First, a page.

Applebees, Jimmy Johns, and Papa Johns to Make Customers Pay for Obamacare–Sounds Like Adjunct Teaching
I am trying to get this straight in my head, because every time I read it, the CEO’s or franchisees involved sound like morons. Because these business owners, most of whom own multiple franchises or offer franchise “opportunities,” like Jimmy John’s, feel that the cost of providing their full-time employees with health insurance will affect the company bottom line, they will add a direct charge to a customer’s bill to force them to pay to cover the outlet’s insurance coverage for employees. And when pizzas for $5-$10 sell on virtually every corner, this sounds like a good idea to whom?
I would rather eat at a restaurant that pays its employees well, but if I had to listen to these CEO’s whine, I would rather not eat out at all. Eating out is costly, the food at most of those restaurants has gone downhill in quality in the last couple of years, and most get their ingredients from factory-farmed suppliers. Goody, so now I can eat GMO ingredients and pay to cover some jack-ass CEO’s responsibility for his employees that he finds offensive? Not sounding like a real enticing option to me.
It’s interesting that these guys who seem like self-made start-ups seem to expect to make the most of their money off of paying subprime wages and neglecting to offer health insurance because they don’t want to pay for it, but they expect their employees to provide great customer service. So now the plan is for these guys to have employee hour cuts at their restaurants:
Currently, the law states that employers with more than 50 full-time equivalent employees will be charged a penalty for any employees over 30 full-time employees that they don’t cover. Several employers have cited that provision — including Darden Restaurants, Papa John’s, Apple-Metro and Jimmy John’s — in announcing plans to skirt the law by cutting employees’ hours to make them part time.
Metz said he will take the extra step of adding a surcharge because he believes the law will eventually expand to include penalties for not covering full-time equivalent employees. If he has to pay a penalty for his average 35 full-time equivalent employes per restaurant, he said it would cost him $75,000 per location. In that case, he said raising prices wouldn’t be an option, since he’d have to raise prices about 25 percent to cover the costs of Obamacare, which would be “catastrophic” for his business.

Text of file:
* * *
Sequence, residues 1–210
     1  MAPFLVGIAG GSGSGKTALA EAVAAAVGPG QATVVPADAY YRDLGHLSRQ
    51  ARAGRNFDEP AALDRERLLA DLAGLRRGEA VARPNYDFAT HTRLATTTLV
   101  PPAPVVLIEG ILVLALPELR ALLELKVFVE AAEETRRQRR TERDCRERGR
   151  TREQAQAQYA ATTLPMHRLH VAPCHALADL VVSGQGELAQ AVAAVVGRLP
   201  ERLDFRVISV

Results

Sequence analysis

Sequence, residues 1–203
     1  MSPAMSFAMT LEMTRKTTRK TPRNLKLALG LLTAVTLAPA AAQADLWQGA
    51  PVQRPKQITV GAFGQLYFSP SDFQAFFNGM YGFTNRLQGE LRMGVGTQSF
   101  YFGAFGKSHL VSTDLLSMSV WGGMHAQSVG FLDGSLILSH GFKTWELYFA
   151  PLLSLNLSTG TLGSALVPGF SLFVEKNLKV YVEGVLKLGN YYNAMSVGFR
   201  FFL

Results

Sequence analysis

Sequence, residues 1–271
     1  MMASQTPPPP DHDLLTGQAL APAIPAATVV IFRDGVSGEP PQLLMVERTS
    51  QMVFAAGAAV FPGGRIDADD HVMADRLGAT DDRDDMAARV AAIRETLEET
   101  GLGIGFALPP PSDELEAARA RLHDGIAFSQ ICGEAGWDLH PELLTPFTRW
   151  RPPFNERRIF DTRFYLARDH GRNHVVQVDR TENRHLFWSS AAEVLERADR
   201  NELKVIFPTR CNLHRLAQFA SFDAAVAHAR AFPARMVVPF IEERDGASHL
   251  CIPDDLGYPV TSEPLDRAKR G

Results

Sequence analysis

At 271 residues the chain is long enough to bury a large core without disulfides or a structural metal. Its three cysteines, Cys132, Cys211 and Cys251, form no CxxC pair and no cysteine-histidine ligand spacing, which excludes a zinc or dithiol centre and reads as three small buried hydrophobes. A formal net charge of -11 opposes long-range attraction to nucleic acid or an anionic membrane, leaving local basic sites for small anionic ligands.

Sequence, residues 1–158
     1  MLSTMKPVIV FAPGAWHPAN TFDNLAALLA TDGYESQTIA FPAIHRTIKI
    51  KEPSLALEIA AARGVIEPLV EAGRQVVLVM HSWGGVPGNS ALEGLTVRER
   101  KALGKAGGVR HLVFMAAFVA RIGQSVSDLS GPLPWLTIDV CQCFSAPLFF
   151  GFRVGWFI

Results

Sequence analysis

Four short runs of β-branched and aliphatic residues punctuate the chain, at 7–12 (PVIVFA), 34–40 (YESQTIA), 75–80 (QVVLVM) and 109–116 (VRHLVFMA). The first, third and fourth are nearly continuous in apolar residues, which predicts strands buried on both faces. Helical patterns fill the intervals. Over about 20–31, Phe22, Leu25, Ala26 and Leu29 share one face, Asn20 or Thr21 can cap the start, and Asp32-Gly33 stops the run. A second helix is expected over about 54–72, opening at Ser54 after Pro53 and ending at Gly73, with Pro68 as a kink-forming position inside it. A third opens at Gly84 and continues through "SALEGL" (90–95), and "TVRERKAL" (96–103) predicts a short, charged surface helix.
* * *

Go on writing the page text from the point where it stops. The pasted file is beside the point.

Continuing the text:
It reminds me of adjunct teaching, and well, I have had friends and family members trying to make a living waiting tables. See my post here about the rate of adjunct pay hovering at about $3.50/hour, about what servers make. Between adjunct teaching and waiting tables, there is a big corporate entity that refuses to offer full-time work, makes a tremendous amount of money off of underpaid workers and refuses to hire full-time under the guise that insurance will cost too much. I watched people try to navigate this for years, and the people who are generally injured are the employees. They have no control over whom is being hired, at what hours, and what the rate of pay will be. Those are forces beyond their control, and yet they are being made to pay directly with their check what their employers don’t want to cover.
Interestingly, it makes me wonder if employees will work second jobs, as John Metz, a franchise owner of at least 40 restaurants claims will happen, or if he will just have fewer workers apply. Perhaps if he can’t get quality workers, he might change his stance. Think of the call operators for major corporations, outsourced to people who had trouble speaking English: “Hello, this is Peggy…” The customer backlash may not be in these big guys’ favor.